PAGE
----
Regular and/or recent readers will surely recall who Cora Patterson is. As the wife of The Rev. W.W. Patterson, minister at St. Andrew’s United Church in Queensborough from 1941 to 1945, the late Mrs. Patterson was the châtelaine of the Manse, just as my mum was a few decades after her, from 1964 to 1975. Thanks to an early-1940s photo of W.W. and Cora and their children at the Manse sent me by a reader, and followup information from other readers and posts here and here, we all learned, first, Cora’s first name (i.e. that she wasn’t just “Mrs. W.W. Patterson”), and later, that she was also an artist.
But it’s in her capacity of mistress of the Manse that I would ask Cora a question this evening, if only I could. And that question would be: was the Manse’s bathroom always the Manse’s bathroom?
Let me explain.
As I’ve written before, the Manse has only one bathroom – which is a not-uncommon situation in an older home, though in these pampered modern times we tend to get used to, and take for granted, the idea of a house having at least a powder room in addition to the main bathroom. Eventually, as part of the renovations, Raymond and I would like that too – one bathroom upstairs and one downstairs.
But this post is not about the quantity of bathrooms; it’s about bathroom history in this old (1888) house of ours.
You see, the location and size of the existing bathroom – which was also the bathroom when I was a kid growing up at the Manse – are odd. It is a huge room, about twice as big as it needs to be even after tub, sink, toilet, cabinets, hooks, shelves, etc. are taken into account. But odder still is its placement: right inside the kitchen door (which is the de facto front door, and I imagine always has been). And odder still is that it has a window looking straight onto the front porch – which means that the window must always have a blind drawn, in the interest of modesty, thus shutting out a potential source of lots of sunlight for the house.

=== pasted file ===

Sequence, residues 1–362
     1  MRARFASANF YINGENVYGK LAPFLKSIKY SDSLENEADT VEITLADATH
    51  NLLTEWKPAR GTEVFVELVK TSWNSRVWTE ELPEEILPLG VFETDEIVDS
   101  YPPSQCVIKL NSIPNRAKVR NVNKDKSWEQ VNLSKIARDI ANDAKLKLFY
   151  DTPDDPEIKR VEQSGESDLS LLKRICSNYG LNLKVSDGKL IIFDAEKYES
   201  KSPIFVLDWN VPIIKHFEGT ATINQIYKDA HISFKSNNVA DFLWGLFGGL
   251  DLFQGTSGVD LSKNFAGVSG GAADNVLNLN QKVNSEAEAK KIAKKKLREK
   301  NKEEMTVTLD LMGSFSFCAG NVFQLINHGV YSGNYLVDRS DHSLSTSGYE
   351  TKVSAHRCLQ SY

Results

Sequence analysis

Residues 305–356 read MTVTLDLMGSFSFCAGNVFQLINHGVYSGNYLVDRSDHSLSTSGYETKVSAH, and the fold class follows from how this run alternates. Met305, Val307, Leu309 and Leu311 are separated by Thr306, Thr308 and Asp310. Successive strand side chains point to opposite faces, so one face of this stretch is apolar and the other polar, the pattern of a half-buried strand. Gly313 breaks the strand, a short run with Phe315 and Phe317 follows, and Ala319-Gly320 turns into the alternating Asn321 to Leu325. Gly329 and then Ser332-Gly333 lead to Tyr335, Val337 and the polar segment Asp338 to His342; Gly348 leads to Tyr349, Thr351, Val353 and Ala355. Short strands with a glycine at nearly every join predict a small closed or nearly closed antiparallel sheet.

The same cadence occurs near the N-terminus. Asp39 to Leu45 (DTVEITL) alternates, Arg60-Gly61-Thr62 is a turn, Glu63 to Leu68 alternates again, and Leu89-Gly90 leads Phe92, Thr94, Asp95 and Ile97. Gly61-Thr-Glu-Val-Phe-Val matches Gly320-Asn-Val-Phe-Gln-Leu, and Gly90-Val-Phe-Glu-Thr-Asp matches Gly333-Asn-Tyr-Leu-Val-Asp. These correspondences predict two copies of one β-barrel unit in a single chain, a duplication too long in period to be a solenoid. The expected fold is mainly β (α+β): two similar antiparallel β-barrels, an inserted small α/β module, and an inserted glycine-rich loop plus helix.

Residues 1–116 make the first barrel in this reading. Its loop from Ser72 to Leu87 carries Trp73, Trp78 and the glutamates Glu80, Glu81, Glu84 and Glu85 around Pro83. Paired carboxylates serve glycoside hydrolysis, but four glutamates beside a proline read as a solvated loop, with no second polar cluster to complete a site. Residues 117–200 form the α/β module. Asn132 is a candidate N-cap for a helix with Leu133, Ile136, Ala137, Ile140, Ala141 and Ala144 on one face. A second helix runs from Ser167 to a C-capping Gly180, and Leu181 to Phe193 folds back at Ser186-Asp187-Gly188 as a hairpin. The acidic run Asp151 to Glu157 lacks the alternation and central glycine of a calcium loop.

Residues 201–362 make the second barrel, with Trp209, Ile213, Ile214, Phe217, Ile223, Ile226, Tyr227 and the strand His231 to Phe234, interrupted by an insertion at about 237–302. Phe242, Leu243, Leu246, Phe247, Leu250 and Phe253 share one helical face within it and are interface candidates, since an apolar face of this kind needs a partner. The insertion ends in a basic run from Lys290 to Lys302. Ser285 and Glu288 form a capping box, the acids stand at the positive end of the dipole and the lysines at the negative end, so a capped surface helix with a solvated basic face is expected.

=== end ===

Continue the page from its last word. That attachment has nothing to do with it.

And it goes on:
All of which leads me to believe that this room was originally intended for something other than a bathroom. Especially since there would have been no running water when the Manse was built; there must have been an outhouse on the property back then. (And I would be interested to know where exactly it was.)
Now, when it was that the Manse acquired running water – and, I guess, the need for what we would think of as a full and proper bathroom – I do not know, though given that there was more than one outhouse still in use in the village of Queensborough in the years my family lived here, I would not be at all surprised if it was after the time of the Pattersons’ tenure. And that is why I would just love to be able to talk to Cora and ask her about it. What was that inside-the-front-door room used for in her time? A kitchen, maybe?
And is it possible that what is now our small pantry, immediately behind the bathroom, was the old-fashioned bathroom with a tub that needed to be filled by hand (and, of course, no toilet)? That would kind of make sense, actually.
In the absence of Cora, is there any chance that any readers who grew up in Queensborough might remember the Manse’s layout of way back then? Funny, I never thought twice about The Great Bathroom Mystery when I was a kid here (but then, what kid does spend any time thinking about house layouts?), but now that I’m back in the place it’s kind of driving me crazy.
Especially if there’s a possibility that our renovations might restore something of the original layout; that could be interesting.
If only we could figure out what that layout was…